Endogenous Production

Endogenous production of HMB occurs in muscle and liver1718 (Figure 12.1) and possibly other tissues. The first step in HMB formation is the transamination of leucine to KIC, which occurs in both the cytosol and mitochondria of muscle cells.19 In the mitochondria, KIC is irreversibly oxidized to isovaleryl-CoA by the enzyme branched-chain a-keto acid dehydrogenase. Isovaleryl-CoA then undergoes further metabolic steps within the mitochondria (Figure 12.1), yielding P-hydroxy-P-methylglutaryl-CoA (HMG-CoA). Further metabolism by the enzyme HMG-CoA lyase results in the end products acetoacetate and acetyl-CoA. Approximately 90% of KIC is oxidized to isovaleryl CoA in liver mitochondria and ultimately to acetoacetate and acetyl-CoA.

In the cytosol of cells, the remaining ~10% of the KIC is oxidized to HMB20-24 via the enzyme KIC dioxygenase. This enzyme requires molecular oxygen and iron,24 and may be identical to p-phenylpyruvate dioxygenase, which is a key enzyme in the degradation of tyrosine converting 4-hydroxyphenylpyrvate to homogentisate.25

A second pathway in the production of HMB has also been postulated through the hydroxylation of methylcrotenoic acid (MCA), but only when biotin is deficient. It is proposed that MCA concentrations become elevated due to the low activity of the biotin-requiring enzyme MC-CoA carboxylase. HMB levels also increase,26 suggesting that MCA may be hydrated to HMB by enol-CoA hydrase,27 an enzyme of the isoleucine pathway. However, it is not clear whether MCA is directly converted to HMB during biotin deficiency, or if the rise in HMB is simply a result of feedback inhibition on the various enzymes along the pathway back to KIC.

Extrapolating from leucine turnover studies in pigs,28 it is estimated that endogenous HMB production is equal to 0.2 to 0.4 g of HMB/day in a 70-kg man, depending on leucine intake. Furthermore, turnover of HMB is thought to be relatively rapid, as basal plasma concentrations in normal humans range from 1 to 4 nM.2930 Plasma levels of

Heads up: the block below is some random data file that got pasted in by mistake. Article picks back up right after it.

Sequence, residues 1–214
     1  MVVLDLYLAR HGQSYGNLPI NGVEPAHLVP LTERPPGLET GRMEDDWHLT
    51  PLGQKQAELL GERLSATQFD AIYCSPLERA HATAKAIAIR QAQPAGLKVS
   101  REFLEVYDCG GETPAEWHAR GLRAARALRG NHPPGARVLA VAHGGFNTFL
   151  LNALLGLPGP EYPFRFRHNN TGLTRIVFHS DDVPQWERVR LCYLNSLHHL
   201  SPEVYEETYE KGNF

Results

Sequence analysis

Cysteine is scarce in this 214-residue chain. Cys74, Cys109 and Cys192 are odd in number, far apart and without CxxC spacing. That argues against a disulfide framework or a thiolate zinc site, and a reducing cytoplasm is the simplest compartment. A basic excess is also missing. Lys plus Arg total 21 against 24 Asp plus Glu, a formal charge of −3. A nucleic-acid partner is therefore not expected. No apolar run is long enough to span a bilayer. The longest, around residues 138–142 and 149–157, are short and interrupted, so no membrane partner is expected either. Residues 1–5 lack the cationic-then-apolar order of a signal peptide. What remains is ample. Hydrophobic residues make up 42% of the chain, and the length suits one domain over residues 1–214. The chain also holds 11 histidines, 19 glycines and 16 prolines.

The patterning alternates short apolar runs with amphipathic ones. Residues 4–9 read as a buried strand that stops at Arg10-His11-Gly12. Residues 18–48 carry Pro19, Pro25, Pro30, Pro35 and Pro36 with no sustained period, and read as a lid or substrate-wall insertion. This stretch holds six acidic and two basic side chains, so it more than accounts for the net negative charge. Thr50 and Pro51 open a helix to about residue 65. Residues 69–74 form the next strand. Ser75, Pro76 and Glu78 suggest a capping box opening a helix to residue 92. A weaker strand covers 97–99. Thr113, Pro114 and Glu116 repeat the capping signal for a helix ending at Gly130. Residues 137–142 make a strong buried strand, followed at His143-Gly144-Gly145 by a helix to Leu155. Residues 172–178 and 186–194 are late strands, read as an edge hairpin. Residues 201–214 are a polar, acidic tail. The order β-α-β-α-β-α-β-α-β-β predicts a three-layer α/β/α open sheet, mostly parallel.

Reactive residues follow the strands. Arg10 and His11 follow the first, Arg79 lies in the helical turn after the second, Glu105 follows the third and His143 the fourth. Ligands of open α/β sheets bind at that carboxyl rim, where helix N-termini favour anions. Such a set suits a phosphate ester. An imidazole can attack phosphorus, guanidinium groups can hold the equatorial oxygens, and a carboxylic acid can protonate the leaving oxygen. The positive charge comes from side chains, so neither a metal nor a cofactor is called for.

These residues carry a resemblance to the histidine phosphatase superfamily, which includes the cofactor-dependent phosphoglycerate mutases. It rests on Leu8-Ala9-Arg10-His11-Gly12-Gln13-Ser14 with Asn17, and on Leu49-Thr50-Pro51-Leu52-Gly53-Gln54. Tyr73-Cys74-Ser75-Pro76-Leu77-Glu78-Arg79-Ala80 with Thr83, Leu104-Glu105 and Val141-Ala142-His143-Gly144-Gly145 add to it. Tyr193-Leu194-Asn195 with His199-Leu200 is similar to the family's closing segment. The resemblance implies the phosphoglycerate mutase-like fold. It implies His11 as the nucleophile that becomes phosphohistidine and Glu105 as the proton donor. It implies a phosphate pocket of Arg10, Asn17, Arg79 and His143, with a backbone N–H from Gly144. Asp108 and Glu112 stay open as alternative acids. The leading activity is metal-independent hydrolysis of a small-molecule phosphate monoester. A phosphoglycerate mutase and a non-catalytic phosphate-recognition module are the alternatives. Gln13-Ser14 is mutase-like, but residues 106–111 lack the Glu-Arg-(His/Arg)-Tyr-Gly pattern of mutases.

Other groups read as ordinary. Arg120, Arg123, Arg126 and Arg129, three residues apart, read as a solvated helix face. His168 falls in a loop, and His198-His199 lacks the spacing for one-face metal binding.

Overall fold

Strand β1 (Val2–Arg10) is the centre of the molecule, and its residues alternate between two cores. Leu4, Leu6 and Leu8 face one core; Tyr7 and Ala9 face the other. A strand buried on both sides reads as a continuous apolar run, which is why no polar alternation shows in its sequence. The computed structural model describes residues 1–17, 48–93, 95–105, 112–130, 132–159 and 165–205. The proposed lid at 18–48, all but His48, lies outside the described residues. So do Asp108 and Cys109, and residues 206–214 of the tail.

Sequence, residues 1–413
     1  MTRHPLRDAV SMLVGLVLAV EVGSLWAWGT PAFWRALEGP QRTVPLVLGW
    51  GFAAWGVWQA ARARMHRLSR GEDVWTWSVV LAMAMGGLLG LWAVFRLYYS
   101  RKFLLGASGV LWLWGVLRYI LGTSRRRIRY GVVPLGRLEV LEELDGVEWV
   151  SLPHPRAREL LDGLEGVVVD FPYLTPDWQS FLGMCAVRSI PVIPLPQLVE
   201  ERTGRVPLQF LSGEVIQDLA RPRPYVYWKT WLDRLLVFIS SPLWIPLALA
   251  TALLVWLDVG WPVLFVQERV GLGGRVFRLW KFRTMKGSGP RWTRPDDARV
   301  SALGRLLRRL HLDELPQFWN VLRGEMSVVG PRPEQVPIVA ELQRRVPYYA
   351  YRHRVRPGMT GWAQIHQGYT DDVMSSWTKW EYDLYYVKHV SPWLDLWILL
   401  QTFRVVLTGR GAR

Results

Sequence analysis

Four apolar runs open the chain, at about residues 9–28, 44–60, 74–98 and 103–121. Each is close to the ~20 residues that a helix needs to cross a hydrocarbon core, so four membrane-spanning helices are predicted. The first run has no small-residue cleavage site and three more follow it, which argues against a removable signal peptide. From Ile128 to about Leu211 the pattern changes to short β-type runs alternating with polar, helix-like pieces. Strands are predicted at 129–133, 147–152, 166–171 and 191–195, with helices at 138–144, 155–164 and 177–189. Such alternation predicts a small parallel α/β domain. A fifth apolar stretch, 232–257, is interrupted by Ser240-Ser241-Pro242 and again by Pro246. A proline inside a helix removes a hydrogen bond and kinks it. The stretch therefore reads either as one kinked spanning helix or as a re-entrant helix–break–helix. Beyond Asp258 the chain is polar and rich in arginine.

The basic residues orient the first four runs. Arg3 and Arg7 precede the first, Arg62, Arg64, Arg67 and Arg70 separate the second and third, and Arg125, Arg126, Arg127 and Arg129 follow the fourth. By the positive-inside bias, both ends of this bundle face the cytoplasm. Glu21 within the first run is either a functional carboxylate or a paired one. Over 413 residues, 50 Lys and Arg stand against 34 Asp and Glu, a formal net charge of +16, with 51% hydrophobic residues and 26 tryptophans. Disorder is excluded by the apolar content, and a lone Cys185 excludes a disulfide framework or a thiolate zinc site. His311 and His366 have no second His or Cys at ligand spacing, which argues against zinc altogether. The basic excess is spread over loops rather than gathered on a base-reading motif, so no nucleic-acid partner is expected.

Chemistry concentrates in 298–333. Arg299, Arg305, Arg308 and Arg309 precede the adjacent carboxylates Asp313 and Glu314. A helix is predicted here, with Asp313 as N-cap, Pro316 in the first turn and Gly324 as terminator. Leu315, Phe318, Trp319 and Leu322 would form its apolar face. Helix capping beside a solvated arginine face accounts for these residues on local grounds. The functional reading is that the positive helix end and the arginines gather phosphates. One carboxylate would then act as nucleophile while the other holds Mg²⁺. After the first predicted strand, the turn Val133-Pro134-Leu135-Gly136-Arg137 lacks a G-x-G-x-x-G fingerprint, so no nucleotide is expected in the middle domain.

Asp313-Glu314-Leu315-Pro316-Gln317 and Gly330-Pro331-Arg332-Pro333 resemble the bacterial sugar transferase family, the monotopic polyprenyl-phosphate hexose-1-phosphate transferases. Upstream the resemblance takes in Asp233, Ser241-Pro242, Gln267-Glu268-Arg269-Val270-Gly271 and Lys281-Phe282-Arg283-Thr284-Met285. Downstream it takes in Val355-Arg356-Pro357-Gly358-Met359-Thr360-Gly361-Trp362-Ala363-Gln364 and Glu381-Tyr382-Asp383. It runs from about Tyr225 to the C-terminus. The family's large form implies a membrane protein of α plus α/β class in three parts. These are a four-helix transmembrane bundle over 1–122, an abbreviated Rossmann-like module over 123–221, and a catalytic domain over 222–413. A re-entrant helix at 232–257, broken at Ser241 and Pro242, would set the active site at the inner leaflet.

LEUCINE

Branched chain amino acid transferase (muscle)

'a-Ketoglutarate-

glutamate t_

a-Ketoisocaproate (KIC) p alanine pyruvate

Branched chain a-ketoacid dehydrogenase-mitochondria (liver)

Branched chain amino acid transferase (muscle)

glutamate t_

Branched chain a-ketoacid dehydrogenase-mitochondria (liver)

Isovaleryl-CoA

-methyl-crotonyl-CoA (MC-CoA)

FIGURE 12.1 Overview of leucine, a-ketoisocaproate (KIC), and p-hydroxy-p-methyl-butyrate (HMB) metabolism.

Isovaleryl-CoA

Isovaleryl-CoA dehydrogenase

-methyl-crotonyl-CoA (MC-CoA)

MC-CoA-carboxylase

  • methyl-gluconyl-CoA (MG-CoA)
  • H 2 O MG-CoA-hydrase
  • hydroxy-p-methylglutaryl-CoA (HMG-CoA)
  • HMG-CoA-lyase (liver)

Acetoacetate +Acetyl-CoA

FIGURE 12.1 Overview of leucine, a-ketoisocaproate (KIC), and p-hydroxy-p-methyl-butyrate (HMB) metabolism.

HMB increase following ingestion of 1 g of HMB to approximately 115 nM, but are near basal levels 12 h later, again suggesting rapid metabolism.

12.1.2 Fate

HMB has two fates in the body: conversion to HMG-CoA31-33 and excretion in the urine.28-30 The metabolic pathway of HMB metabolism is conversion to HMG-CoA (Figure 12.1). In the cytosol, conversion of HMB to HMG-CoA occurs either through direct carboxylation or through dehydration of MCA-CoA (Figure 12.1). Subsequently, the cytosolic HMG-CoA produced can provide substrate for HMG-CoA reductase, which is the committed step in cellular cholesterol synthesis.4 This fact has been hypothesized as a mechanism whereby HMB can affect cellular metabolism by providing a cholesterol precursor during times of elevated need.4

Urinary excretion of HMB in humans ranges from 10% to almost 50% of an exogenous HMB dosage.4 Nissen et al.3 reported that urine HMB excretion varied from 10 to 30 mg/day prior to supplementation, while supplementation of 1.5 and 3.0 g of HMB/day resulted in an increase in excretion to 450 to 500 mg/day and 950 to 1200 mg/day, respectively. Recent metabolic studies following ingestion of 1 g of HMB resulted in approximately 14% of the given dose being excreted in the urine. The percentage of the dosage excreted increased to 29% of the given dose after consumption of a single 3-g dose of HMB.29 With both dosages of HMB given, most of the urinary excretion occurred within 6 h of the dosing, paralleling the increases in plasma HMB.29

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